Patients need to be notified sooner of ransomware dumps
In the past year, we have seen a significant increase in the use of dedicated leak sites where ransomware threat actors post the names of victims and dump some of their data to pressure them to pay demanded ransom.
In the U.S., HIPAA gives covered entities no more than 60 days from discovery of a reportable breach to notify HHS and individuals, but the regulation also says notification must be made “without unreasonable delay.”
But what constitutes “reasonable delay?” Is it reasonable to delay notification because you’re not yet sure which patients may have had their ePHI accessed or exfiltrated? Is it reasonable to leave everyone at risk when you know data with at least some ePHI have been dumped, even though you are not yet sure whose data got dumped and how many other patients’ may have had their data accessed or exfiltrated?
Do we need to revise HIPAA to mandate a faster publicly issued warning for publicly dumped PHI or somehow promote a “best practice” of an earlier warning alert system?
DataBreaches.net examined a number of dedicated leak sites for listings involved medical/health entities in the U.S. and compiled descriptions of 30 incidents disclosed on such sites so far this. For each incident, DataBreaches.net noted whether there is any indication that the incident has been reported to HHS or if there is any notice posted on the entity’s web site, or a media notice of any kind to alert patients that their ePHI has either been stolen and dumped or may have been stolen and dumped.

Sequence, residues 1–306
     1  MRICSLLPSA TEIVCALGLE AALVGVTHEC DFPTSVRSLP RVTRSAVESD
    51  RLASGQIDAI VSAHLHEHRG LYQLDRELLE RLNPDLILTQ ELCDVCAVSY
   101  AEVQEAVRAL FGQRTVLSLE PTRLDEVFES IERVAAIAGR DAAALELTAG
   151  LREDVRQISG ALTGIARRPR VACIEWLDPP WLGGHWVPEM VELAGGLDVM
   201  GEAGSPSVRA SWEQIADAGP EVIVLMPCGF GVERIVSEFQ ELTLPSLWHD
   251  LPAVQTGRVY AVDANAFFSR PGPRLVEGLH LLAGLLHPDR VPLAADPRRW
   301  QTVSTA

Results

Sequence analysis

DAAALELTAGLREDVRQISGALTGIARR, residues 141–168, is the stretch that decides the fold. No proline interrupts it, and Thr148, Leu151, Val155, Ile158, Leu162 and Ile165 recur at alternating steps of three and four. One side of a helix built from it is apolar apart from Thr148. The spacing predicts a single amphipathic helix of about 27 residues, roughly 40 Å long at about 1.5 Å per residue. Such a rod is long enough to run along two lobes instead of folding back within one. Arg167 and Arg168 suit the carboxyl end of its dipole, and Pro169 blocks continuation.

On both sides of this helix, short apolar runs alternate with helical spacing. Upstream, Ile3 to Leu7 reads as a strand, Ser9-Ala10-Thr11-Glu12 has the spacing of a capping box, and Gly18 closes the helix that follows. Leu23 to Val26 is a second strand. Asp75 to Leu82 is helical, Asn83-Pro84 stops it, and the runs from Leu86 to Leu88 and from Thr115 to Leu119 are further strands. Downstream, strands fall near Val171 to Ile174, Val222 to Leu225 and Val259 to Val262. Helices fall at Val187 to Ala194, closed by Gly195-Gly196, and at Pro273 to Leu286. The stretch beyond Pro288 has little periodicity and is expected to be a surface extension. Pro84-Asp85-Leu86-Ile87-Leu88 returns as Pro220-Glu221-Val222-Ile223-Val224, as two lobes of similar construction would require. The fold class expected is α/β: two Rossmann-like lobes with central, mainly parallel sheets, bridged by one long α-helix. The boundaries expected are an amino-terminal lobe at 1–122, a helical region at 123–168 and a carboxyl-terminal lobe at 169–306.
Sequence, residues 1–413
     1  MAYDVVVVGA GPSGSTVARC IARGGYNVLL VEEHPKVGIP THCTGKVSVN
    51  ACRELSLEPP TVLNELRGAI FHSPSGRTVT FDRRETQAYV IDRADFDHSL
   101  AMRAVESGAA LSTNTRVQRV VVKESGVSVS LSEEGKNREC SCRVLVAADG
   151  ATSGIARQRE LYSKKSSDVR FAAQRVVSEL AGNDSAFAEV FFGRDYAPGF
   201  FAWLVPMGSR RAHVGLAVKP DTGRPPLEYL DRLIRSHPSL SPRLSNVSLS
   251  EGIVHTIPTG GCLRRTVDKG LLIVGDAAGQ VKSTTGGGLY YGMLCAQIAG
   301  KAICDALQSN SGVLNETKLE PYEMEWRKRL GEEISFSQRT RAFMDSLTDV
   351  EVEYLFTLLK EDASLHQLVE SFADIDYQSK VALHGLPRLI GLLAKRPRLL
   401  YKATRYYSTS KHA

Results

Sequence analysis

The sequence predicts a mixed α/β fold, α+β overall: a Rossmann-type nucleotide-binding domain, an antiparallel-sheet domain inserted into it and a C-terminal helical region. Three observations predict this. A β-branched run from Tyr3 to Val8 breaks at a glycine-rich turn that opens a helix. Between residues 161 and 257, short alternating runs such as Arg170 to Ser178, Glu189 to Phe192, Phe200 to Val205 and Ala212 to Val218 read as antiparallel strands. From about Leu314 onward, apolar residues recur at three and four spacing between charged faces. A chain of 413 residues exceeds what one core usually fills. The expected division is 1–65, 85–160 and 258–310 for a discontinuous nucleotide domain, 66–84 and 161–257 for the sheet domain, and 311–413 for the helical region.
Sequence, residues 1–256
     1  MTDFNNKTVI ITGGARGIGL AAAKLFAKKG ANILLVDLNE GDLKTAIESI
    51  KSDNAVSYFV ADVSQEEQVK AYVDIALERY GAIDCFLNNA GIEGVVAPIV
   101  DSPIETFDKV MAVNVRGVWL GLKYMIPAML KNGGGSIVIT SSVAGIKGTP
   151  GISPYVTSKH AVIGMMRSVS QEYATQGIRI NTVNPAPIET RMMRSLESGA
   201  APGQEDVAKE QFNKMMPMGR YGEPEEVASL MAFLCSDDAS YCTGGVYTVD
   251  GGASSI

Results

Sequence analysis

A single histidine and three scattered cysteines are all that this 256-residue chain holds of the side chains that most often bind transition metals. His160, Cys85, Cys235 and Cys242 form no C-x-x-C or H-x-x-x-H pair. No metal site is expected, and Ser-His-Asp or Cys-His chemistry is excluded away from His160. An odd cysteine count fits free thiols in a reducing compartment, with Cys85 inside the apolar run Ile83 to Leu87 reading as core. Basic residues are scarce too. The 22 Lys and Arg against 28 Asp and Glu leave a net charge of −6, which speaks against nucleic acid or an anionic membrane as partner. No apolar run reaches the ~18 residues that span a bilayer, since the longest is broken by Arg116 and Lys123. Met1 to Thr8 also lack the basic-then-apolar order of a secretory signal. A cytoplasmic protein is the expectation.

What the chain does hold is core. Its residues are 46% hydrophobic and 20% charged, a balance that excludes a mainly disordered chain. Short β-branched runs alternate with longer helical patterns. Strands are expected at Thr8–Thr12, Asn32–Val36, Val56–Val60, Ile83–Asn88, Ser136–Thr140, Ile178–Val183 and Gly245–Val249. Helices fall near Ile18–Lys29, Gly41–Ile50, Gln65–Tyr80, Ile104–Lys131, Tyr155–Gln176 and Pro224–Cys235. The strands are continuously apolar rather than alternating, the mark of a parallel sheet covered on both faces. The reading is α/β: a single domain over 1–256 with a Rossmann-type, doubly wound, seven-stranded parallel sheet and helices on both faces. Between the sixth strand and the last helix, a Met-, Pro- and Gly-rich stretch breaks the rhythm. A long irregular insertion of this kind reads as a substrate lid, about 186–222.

You can find the recap of the 30 incidents with comments in the attached file.
Update: DataBreaches.net subsequently discovered that the breach attributed to Kristin J. Tarbet by Maze threat actors may have been reported in the news under a related entity’s name, Amara Medical Aesthetics. Neither name appears on HHS’s public breach tool at this time, however.